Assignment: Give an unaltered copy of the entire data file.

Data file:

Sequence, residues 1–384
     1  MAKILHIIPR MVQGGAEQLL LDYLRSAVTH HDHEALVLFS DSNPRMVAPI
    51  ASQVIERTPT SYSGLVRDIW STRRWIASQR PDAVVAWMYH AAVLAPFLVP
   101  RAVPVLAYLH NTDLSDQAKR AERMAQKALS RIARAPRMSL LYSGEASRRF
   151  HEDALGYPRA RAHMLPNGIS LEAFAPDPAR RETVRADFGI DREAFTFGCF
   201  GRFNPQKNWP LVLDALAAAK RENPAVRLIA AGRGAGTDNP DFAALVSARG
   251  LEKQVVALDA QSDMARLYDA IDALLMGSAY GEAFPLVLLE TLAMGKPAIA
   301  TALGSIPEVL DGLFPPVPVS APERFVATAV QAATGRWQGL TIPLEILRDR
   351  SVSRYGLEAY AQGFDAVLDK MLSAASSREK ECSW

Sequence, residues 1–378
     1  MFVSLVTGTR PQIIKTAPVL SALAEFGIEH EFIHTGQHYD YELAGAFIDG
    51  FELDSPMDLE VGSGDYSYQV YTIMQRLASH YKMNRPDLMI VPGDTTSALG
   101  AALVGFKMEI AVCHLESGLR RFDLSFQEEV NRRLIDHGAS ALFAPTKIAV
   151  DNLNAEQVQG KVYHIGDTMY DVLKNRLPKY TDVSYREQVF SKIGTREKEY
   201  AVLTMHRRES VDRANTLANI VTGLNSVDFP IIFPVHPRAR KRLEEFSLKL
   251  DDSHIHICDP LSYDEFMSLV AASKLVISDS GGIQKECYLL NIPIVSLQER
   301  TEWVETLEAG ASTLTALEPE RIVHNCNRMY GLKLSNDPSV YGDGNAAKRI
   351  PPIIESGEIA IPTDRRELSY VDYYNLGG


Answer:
Sequence, residues 1–384
     1  MAKILHIIPR MVQGGAEQLL LDYLRSAVTH HDHEALVLFS DSNPRMVAPI
    51  ASQVIERTPT SYSGLVRDIW STRRWIASQR PDAVVAWMYH AAVLAPFLVP
   101  RAVPVLAYLH NTDLSDQAKR AERMAQKALS RIARAPRMSL LYSGEASRRF
   151  HEDALGYPRA RAHMLPNGIS LEAFAPDPAR RETVRADFGI DREAFTFGCF
   201  GRFNPQKNWP LVLDALAAAK RENPAVRLIA AGRGAGTDNP DFAALVSARG
   251  LEKQVVALDA QSDMARLYDA IDALLMGSAY GEAFPLVLLE TLAMGKPAIA
   301  TALGSIPEVL DGLFPPVPVS APERFVATAV QAATGRWQGL TIPLEILRDR
   351  SVSRYGLEAY AQGFDAVLDK MLSAASSREK ECSW

Sequence, residues 1–378
     1  MFVSLVTGTR PQIIKTAPVL SALAEFGIEH EFIHTGQHYD YELAGAFIDG
    51  FELDSPMDLE VGSGDYSYQV YTIMQRLASH YKMNRPDLMI VPGDTTSALG
   101  AALVGFKMEI AVCHLESGLR RFDLSFQEEV NRRLIDHGAS ALFAPTKIAV
   151  DNLNAEQVQG KVYHIGDTMY DVLKNRLPKY TDVSYREQVF SKIGTREKEY
   201  AVLTMHRRES VDRANTLANI VTGLNSVDFP IIFPVHPRAR KRLEEFSLKL
   251  DDSHIHICDP LSYDEFMSLV AASKLVISDS GGIQKECYLL NIPIVSLQER
   301  TEWVETLEAG ASTLTALEPE RIVHNCNRMY GLKLSNDPSV YGDGNAAKRI
   351  PPIIESGEIA IPTDRRELSY VDYYNLGG